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Art with a view

Art with a view

Paola Pivi’s artistic practice is diverse and enigmatic. Her oeuvre appears to have been formed through multiple creative minds. Art with a view at The Bass presents new work by the artist, as well as Pivi’s anthropomorphic, feather-covered polar bears; canvases of cascading pearls; video showing fish in flight on a passenger jet; and an 80-piece mattress installation. Each piece poses questions and is defined by its openness to interpretation, through the appropriation of cultural symbols.

In 1997, as a student, Paola Pivi placed a truck on its side as part of the exhibition Fuori Uso (Pescara, Italy). Two years later, she installed an upside-down G-91 fighter jet in the Venice Biennale’s Arsenale, helping Italy win the coveted Golden Lion award for best national pavilion. In subsequent years, she has invited horses to the Eiffel Tower and a leopard to roam amongst cappuccino cups—documenting the experience through photography.

Such ambitious and spectacular acts have come to define her art. These gestures are about freedom. They deliver unexpected visuals, which surprisingly also appear to be familiar. Nomadic by nature, Paola Pivi has lived in many unexpected places in the world, including the remote island of Alicudi in southern Italy, India, and Anchorage, Alaska. Pivi first exhibited at Viafarini in Milan in 1995, the same year she enrolled in the Brera Academy of Art in Milan.

In 2012, the artist was commissioned to create two original public artworks in New York City: “How I roll”, a project by Public Art Fund, a Piper Seneca airplane lifted on its wingtips and constantly rotating forward, installed near Central Park at Doris C. Freedman Plaza, and Untitled (zebras), a striking image of zebras on a snow-covered mountaintop on the 25-by-75-foot High Line Billboard at West 18th Street. Like all of her photographs, this image is a live-action still, presented without digital intervention. Another of her photographs, Untitled (donkey), shows a lonely donkey on a boat floating in the Mediterranean Sea. Pivi is included in the permanent collections of The Guggenheim Museum and the Centre Pompidou.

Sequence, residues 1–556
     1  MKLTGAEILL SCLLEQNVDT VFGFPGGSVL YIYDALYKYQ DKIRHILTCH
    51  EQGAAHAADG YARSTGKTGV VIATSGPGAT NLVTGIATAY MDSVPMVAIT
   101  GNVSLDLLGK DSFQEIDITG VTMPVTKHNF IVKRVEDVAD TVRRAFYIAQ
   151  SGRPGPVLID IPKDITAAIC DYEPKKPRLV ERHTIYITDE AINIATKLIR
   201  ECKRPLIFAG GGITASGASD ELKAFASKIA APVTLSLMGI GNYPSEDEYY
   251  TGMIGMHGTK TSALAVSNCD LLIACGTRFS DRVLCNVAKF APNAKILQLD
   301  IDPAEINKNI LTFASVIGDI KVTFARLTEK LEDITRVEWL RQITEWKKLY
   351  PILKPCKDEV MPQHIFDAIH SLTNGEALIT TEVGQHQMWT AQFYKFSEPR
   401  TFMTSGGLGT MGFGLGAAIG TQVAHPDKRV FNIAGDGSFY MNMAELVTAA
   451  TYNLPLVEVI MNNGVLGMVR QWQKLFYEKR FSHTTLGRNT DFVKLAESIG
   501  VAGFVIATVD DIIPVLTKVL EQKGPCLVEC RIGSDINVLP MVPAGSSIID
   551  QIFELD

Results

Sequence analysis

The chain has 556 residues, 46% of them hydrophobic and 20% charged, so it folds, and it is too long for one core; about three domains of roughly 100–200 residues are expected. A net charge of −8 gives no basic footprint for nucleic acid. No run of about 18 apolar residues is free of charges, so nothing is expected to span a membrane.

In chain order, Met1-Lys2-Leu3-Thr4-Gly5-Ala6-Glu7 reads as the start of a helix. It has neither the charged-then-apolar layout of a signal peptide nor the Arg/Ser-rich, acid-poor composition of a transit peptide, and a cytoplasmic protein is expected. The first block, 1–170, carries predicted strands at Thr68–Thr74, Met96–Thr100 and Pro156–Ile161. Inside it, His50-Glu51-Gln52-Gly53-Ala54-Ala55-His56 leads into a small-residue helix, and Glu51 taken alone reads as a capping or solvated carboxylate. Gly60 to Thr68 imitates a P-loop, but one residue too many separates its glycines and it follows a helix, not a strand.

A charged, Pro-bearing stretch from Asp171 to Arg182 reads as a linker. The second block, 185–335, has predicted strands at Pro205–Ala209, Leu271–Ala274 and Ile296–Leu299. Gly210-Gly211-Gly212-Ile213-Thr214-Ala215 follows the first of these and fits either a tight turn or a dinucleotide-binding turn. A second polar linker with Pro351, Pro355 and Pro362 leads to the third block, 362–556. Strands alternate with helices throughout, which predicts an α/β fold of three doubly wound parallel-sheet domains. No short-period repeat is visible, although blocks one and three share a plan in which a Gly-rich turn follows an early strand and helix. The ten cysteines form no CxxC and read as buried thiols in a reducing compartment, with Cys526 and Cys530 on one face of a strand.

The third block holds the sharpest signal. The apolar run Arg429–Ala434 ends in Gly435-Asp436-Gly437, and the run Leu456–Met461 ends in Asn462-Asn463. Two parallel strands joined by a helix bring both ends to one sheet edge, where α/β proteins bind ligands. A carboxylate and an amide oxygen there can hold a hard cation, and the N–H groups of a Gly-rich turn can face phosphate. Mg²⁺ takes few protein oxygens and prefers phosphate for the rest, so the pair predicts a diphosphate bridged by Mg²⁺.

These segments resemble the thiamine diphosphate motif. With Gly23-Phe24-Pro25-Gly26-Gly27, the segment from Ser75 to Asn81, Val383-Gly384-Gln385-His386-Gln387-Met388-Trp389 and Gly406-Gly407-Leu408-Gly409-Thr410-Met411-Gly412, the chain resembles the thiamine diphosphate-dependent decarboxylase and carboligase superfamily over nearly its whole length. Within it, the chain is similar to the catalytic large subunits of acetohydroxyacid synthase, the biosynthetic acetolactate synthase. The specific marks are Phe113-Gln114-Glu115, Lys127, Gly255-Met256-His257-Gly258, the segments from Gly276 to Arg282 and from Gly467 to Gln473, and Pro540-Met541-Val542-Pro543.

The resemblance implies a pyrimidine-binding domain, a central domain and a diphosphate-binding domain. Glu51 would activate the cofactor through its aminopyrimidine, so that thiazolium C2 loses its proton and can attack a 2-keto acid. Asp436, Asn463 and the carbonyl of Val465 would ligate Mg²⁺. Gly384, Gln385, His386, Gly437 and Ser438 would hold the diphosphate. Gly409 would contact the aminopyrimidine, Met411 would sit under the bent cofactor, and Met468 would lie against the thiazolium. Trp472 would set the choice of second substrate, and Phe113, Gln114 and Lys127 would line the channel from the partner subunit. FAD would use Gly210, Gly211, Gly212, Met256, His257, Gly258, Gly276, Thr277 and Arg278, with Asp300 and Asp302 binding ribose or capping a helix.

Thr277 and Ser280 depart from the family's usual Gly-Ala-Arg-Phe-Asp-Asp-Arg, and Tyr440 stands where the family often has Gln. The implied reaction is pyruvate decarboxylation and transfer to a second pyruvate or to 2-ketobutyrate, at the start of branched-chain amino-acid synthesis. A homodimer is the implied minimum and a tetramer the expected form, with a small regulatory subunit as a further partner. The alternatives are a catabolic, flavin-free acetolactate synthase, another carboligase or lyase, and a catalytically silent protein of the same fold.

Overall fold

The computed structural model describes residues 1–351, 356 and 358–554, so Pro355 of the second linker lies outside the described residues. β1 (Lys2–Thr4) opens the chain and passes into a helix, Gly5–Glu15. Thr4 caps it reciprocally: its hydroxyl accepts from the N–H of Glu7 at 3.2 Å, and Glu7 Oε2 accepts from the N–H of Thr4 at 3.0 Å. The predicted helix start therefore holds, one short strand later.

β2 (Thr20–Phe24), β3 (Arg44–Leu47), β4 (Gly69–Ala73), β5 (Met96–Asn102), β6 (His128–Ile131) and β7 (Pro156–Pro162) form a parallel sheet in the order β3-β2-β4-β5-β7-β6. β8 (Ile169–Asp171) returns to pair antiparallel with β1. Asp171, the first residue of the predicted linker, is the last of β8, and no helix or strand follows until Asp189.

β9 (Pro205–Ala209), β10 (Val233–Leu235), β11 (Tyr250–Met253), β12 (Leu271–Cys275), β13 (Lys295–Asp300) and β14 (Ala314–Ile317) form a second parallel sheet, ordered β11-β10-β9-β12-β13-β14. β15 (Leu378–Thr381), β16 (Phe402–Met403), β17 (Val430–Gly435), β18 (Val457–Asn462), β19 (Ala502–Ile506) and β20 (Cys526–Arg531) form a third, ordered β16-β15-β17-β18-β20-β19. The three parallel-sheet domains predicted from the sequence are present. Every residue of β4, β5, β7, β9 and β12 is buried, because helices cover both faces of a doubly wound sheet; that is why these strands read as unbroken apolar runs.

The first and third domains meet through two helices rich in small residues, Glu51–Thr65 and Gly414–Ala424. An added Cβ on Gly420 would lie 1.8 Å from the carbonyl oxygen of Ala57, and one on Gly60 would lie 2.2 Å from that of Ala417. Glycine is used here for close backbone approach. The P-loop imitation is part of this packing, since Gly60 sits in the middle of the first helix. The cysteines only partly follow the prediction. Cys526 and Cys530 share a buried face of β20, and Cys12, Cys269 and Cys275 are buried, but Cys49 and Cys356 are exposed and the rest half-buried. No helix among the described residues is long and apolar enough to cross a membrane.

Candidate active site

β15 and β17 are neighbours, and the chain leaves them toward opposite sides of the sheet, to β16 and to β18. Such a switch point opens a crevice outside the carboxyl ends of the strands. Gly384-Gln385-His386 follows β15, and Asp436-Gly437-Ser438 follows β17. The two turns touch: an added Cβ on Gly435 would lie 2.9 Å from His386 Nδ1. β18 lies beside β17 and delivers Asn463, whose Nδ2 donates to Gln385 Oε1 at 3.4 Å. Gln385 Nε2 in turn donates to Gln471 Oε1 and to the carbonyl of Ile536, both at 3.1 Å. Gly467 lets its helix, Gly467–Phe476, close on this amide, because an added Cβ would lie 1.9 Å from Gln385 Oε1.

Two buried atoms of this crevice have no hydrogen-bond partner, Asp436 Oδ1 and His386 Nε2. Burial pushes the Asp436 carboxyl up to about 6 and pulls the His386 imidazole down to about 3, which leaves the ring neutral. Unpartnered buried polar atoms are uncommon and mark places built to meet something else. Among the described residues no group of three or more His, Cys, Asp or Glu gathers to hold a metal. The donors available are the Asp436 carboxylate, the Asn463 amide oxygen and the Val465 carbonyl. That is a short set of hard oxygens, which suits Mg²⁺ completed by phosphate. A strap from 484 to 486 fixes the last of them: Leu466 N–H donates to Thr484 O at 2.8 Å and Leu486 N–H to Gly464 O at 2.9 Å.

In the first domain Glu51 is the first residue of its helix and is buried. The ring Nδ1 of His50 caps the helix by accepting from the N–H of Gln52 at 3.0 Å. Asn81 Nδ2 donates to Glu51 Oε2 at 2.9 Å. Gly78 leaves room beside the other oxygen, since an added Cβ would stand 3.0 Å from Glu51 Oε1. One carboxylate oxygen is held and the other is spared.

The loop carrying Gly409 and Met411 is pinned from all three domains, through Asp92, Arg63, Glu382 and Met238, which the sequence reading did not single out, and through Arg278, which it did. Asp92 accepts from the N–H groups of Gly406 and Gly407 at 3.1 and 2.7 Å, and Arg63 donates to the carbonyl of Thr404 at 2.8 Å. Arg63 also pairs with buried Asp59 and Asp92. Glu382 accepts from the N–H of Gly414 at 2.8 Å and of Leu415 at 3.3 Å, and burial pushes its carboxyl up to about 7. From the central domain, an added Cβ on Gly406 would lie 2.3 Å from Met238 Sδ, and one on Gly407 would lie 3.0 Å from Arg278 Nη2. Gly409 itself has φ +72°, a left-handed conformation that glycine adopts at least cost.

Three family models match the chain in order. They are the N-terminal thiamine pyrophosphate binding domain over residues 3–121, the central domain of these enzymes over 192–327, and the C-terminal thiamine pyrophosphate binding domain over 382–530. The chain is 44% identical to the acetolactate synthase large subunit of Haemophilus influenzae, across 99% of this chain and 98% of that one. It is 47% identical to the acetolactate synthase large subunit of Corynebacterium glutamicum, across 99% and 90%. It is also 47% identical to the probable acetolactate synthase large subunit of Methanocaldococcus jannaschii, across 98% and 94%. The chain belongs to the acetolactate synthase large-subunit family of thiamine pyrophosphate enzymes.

Paola Pivi  (b. 1971, Milan, Italy) has been the subject of numerous solo exhibitions including I did it again, SCAD, Savannah (2018), I am tired of eating fish, curated, La Rinascente, Italy (2017), Ma’am, Dallas Contemporary, Texas (2016), Tulkus 1880 to 2018, FRAC Bourgogne, France (2014), You started it … I finish it, National Gallery of Victoria, Australia (2014), Tulkus 1880 to 2018, Witte de With, Netherlands (2013), Share, But It’s Not Fair, Rockbund Art Museum, China (2012), How I roll, Public Art Fund, New York (2012), It’s a cocktail party, Portikus, Frankfurt, Germany (2008), and It just keeps getting better, Kunsthalle Basel, Switzerland (2007). Pivi has exhibited internationally at institutions including Stad Kortrijk, Belgium, Anchorage Museum, Alaska, Fondazione Prada, Italy, Hamburger Bahnhof – Museum für Gegenwart, Germany, Whitechapel Gallery, United Kingdom, Fondazione Nicola Trussardi, Italy, Malmö Konsthall, Sweden, MOMA PS1, New York, and the XLVIII Biennale di Venezia, Italy.


Art with a view is curated by Justine Ludwig, Executive Director at Creative Time and former Chief Curator at Dallas Contemporary. The presentation at The Bass is organized by Leilani Lynch, Assistant Curator, The Bass.

Paola Pivi: Art with a view is generously sponsored by PHILLIPS. Additional support for the exhibition is provided by PERROTIN and Massimo De Carlo, Milan, London, Hong Kong. Production support provided by Davide Quadrio for Arthub, Shanghai/Hong Kong. The exhibition is supported in part by the Diane W. Camber Exhibition Fund. The Bass is generously funded by the City of Miami Beach, Cultural Affairs Program and Cultural Arts Council, the Miami-Dade County Department of Cultural Affairs and the Cultural Affairs Council, the Miami-Dade County Mayor and Board of County Commissioners, and sponsored in part by the State of Florida, Department of State, Division of Cultural Affairs and the Florida Council on Arts and Culture.